Why I am STILL a Proud, Liberal Democrat

Crossposted from Democratic Convention Watch

Yesterday, I received an email that began “Get used to the idea of Obama not winning.” This email came not from some Republican, but from a Democrat who supported Obama in 2008. The writer echoed the thoughts of some of my friends with whom I worked directly on the campaign four years ago. And a year ago, I shared those thoughts.

But this is 2012, and I'm voting for my president, and my party. I've given some money and I'm going to give more. I've been to my first meeting, going to my second next week, and working hard to get off crutches before voter registration season begins in earnest. (Turns out my left knee is 27 years older than the rest of me.)

This is as good a time as any to explain my turnaround, and why I am IN.

Like many on the far left, I spent 2011 incredibly disappointed that President Obama was nowhere near as liberal as Candidate Obama had been. Stunned and mortified by the outcome of the 2010 elections. Appalled at the rise of a right wing that was increasingly hostile. Saddened by the lack of fight from the left beyond petitions. Floored by the lack of speeches and action on the part of our progressive elected officials beyond and excluding Bernie Sanders.

First, there is the basic set of reasons that caused me to choose to be a Democrat. Back in 2007, at the dawn of blogs and before social media, I had an article published in a magazine entitled “Why I am a Proud, Liberal Democrat.” I have posted it in its entirety after the jump, in case you missed its previous publication. I read it again, and everything in the article still rings true for me. My party may be imperfect, but I am imperfect, as are we all. 

Second is the issue of how I define myself and my beliefs in rank order. I am an American, but also a citizen of the world. I am a woman, but also a human being. I believe in civil rights, gay rights, religious freedom, saving the environment, and on and on, it's a pretty long list. So which, I ask myself, are the most important facets to me? Today, in America, my most important are being a Baby Boomer female member of the 99% who enjoys religious freedom. As such, the war on women, the evisceration of women's reproductive rights, the importance of taxing the rich, the ability to NOT be a Christian, and of keeping the economy on its path back from red to black are my issues.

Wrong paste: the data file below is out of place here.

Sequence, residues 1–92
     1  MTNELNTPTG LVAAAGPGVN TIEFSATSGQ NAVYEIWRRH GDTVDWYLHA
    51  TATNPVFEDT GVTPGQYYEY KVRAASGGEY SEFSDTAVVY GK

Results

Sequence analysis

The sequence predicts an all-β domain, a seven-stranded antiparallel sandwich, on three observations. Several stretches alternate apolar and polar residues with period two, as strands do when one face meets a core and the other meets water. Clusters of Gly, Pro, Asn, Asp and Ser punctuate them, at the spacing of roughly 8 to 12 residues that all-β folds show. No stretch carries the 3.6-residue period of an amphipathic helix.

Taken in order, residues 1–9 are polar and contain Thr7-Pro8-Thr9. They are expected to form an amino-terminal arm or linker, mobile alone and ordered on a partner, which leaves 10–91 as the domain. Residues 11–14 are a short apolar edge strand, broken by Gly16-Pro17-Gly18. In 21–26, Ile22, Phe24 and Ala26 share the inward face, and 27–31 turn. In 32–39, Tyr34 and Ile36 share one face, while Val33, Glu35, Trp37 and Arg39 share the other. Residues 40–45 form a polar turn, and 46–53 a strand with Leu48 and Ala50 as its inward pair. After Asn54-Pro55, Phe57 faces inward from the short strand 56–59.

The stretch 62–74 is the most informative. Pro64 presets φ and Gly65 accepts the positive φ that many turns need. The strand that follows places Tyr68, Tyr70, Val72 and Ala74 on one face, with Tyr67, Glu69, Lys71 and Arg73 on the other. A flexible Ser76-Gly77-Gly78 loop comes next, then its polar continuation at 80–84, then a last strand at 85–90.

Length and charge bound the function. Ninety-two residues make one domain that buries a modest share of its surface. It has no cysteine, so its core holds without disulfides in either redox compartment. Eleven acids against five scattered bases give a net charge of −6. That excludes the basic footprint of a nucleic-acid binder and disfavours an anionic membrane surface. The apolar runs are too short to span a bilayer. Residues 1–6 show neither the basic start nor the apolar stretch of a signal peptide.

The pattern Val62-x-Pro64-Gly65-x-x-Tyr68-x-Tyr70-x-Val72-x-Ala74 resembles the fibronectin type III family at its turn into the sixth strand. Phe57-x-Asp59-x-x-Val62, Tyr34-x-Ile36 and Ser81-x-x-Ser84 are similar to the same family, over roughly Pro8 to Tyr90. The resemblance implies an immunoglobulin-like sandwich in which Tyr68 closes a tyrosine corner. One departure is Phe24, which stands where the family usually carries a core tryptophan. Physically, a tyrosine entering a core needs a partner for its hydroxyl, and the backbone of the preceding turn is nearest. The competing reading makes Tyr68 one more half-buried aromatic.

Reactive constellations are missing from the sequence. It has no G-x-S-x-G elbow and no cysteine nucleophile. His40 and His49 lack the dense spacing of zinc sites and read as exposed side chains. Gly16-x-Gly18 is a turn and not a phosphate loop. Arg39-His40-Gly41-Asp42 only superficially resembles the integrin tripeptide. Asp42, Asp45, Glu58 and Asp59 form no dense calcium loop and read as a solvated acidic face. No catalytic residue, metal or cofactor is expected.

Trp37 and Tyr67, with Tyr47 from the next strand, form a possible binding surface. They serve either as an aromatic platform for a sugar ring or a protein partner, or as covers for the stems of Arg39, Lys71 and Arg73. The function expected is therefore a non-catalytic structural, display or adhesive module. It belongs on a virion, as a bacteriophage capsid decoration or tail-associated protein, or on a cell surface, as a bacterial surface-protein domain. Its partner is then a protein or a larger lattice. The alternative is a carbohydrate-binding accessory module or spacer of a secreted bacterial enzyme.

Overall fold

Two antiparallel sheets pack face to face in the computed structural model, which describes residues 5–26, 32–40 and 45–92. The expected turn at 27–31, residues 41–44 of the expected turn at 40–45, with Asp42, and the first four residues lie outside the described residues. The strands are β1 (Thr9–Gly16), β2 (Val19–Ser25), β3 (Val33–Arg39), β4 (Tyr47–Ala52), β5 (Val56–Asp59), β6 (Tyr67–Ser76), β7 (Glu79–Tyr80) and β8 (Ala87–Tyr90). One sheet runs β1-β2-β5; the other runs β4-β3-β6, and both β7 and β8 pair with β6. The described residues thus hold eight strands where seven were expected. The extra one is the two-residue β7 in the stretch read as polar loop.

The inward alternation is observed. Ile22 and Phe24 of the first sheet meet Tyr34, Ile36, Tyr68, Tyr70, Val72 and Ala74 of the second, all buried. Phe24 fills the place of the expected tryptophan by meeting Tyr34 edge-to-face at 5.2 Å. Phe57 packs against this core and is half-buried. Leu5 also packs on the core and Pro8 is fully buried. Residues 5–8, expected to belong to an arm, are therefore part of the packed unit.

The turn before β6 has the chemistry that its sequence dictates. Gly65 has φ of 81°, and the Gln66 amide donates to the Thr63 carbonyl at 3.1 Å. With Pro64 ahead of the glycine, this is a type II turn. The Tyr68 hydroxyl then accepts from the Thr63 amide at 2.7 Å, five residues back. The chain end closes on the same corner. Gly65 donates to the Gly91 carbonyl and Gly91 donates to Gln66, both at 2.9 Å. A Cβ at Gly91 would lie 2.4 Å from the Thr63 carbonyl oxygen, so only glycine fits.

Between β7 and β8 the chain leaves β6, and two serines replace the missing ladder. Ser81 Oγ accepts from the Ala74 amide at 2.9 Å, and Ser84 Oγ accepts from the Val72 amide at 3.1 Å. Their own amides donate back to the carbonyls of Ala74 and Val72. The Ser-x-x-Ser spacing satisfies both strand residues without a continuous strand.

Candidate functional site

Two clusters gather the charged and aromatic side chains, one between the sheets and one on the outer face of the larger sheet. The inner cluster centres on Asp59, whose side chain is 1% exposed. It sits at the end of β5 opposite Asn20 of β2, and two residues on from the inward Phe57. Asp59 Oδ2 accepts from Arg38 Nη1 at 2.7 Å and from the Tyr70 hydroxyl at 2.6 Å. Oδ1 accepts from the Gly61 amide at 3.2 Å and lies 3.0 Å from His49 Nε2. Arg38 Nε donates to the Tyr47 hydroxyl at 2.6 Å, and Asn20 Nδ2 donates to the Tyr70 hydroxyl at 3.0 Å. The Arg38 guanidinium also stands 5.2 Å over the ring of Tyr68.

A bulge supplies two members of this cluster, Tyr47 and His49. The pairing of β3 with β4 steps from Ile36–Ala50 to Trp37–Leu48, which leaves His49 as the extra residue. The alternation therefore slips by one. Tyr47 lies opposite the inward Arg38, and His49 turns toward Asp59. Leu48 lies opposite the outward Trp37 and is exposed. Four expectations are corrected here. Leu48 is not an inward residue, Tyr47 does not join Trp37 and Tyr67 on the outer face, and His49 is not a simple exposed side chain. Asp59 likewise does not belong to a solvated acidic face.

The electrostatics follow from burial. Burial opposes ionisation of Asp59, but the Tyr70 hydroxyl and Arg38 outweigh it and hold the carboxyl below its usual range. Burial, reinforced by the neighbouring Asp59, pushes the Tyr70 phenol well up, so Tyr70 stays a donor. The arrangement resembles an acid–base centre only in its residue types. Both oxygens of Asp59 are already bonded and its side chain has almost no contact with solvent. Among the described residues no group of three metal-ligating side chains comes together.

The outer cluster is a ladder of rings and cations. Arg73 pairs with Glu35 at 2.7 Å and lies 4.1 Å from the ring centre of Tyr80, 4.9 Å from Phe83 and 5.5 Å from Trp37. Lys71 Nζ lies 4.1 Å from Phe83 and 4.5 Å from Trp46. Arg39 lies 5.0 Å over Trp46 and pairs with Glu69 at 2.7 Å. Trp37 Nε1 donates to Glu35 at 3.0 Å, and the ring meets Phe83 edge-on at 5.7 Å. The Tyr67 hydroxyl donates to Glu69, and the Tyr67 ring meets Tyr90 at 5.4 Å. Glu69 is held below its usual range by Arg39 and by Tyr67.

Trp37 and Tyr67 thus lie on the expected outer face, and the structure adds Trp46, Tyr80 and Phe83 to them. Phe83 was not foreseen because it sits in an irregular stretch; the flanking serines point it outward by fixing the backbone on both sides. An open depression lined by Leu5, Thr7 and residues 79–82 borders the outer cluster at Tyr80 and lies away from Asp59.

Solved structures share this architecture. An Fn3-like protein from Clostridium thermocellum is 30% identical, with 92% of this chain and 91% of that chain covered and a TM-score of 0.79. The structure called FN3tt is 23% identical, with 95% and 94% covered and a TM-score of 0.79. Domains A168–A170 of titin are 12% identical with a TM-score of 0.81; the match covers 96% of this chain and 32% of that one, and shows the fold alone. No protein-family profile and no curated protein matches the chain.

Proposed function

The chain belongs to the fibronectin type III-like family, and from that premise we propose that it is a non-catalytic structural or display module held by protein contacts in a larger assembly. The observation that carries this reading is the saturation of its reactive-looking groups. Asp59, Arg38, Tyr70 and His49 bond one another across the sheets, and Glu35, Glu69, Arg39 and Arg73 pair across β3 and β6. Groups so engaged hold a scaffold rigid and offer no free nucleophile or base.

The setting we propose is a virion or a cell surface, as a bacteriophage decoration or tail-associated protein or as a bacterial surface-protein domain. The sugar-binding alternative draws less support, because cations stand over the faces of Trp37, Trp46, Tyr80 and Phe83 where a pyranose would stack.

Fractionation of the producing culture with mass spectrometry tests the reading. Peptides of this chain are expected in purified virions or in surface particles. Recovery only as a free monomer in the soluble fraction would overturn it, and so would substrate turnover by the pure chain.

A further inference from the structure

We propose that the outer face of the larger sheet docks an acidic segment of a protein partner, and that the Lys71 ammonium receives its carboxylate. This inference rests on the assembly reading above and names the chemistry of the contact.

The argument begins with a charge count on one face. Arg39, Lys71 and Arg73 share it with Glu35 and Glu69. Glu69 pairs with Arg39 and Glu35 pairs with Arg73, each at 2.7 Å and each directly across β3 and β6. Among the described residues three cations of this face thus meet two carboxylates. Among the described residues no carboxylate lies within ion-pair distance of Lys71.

Finally, there is the decision of who to vote for: I do not consider “not voting” an option. 

In all three areas, there are stark differences between President Obama and whichever one of the remaining clown car riders runs against him. Those four candidates lie with impunity and cling tenaciously to a set of values I consider heinous. I am not an Etch-a-Sketch person, I read and remember, Mitt. I do not believe in Jesus, so Rick, when I saw you cheering the pastor saying we must all worship Jesus, I came to the conclusion that you believe Jews have no place in America. I believe in government as a force of good, and therefore, I can't let you shut it down, AGAIN, Newt. Dr. Paul, you're the kind of doctor that makes me slightly shamed that we passed the same medical boards. Support my president? You Betcha! I put our chances at getting the House back at about 60/40 against, and holding the Senate at 60/40 for. Take a chance on the White House? No way.

As a liberal, I hope that being in his second term, President Obama will act more like Candidate Obama. I hope that he will push back much harder against the wacko right. I will stand with him on women's rights, on education, on climate change and a host of other things. I will swallow his support for Keystone. I will tolerate that he's not yet on board on gay marriage. I have come to the conclusion that no single candidate will mesh 100% with every belief that I have, and I prefer having a candidate who matches me 90% to one representing less than 1% of things in which I believe.

And so I will NOT “get used to the idea of Obama not winning.” I will work, I will spend, and I will remember that elections are won one voter at a time, issues are won one heart at a time….and I will be out there finding my voters.

When she died last year at the age of 106, my grandmother was a proud Democrat who had never missed an election. I was born into a family that valued not only the Party and its principles, but the political process. In my extended family, if you were old enough to stand on a box and reach a table, you were old enough to stuff envelopes. I worked my first election at the age of 3.